CDK, or cyclin-dependent kinase, plays a crucial role in cell cycle regulation. CDK is an enzyme that, when activated, phosphorylates specific target proteins, thereby controlling the progression of the cell cycle. CDK activity is dependent on the binding of cyclin proteins, which undergo periodic fluctuations during the cell cycle.
CDKs are responsible for the transition from one phase of the cell cycle to the next by phosphorylating key proteins involved in cell cycle regulation. These phosphorylation events trigger various downstream signaling cascades that regulate processes such as DNA replication, chromosome segregation, and cell division.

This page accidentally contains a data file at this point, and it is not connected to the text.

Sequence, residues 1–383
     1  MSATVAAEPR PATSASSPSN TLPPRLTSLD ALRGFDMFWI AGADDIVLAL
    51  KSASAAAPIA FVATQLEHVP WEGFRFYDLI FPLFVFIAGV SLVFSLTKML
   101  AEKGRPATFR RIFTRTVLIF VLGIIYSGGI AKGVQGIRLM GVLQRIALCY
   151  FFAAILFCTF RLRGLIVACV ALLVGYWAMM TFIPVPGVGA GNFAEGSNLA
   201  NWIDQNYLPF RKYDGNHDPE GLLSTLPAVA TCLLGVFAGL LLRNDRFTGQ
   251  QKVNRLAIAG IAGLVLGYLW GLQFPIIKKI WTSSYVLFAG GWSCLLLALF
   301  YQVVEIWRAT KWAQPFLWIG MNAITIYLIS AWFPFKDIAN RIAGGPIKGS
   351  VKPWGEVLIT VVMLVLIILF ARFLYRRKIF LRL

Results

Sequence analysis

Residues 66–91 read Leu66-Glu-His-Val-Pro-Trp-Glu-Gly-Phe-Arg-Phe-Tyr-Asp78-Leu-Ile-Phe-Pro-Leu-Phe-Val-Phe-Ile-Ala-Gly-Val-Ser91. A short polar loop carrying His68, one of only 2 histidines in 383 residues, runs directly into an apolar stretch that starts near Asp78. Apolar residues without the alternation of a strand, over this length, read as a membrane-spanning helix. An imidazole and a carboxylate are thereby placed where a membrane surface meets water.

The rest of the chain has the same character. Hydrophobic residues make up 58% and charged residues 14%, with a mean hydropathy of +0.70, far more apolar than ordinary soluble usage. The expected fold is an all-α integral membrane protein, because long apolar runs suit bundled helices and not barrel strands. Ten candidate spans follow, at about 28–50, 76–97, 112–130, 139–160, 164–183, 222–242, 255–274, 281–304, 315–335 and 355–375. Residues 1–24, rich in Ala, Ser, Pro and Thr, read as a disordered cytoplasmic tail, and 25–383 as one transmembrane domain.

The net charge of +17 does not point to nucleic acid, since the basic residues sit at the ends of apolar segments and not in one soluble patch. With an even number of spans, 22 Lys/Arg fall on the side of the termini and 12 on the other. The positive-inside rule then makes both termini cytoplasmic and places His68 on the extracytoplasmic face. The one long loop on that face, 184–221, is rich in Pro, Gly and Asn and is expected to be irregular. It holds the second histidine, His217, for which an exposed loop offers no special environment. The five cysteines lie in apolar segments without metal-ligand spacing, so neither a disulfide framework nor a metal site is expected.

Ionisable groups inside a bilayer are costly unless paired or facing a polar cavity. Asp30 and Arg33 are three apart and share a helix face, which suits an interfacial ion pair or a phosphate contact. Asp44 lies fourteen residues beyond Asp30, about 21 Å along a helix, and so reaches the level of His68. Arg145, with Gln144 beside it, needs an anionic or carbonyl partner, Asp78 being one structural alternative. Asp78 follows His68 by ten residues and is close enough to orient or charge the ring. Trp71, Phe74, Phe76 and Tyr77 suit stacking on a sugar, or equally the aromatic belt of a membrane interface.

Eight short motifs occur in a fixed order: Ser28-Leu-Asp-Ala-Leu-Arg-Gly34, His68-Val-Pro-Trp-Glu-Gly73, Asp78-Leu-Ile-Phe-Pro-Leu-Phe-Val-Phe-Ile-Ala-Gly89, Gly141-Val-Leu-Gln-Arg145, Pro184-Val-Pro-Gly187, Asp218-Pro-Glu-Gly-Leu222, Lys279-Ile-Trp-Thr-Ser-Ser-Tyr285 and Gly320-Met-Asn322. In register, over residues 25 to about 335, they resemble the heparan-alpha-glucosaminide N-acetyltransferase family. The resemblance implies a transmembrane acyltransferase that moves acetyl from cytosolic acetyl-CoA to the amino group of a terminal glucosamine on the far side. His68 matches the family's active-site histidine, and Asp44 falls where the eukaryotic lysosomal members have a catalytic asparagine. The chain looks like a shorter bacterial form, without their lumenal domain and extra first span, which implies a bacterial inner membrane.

The activation and inactivation of different CDK-cyclin complexes at specific points in the cell cycle ensure proper coordination and timing of cell cycle events. CDK activity is tightly regulated by several mechanisms, including the synthesis and degradation of cyclins, binding of inhibitory proteins, and phosphorylation status. Dysregulation of CDK activity can lead to cell cycle abnormalities and contribute to conditions such as cancer.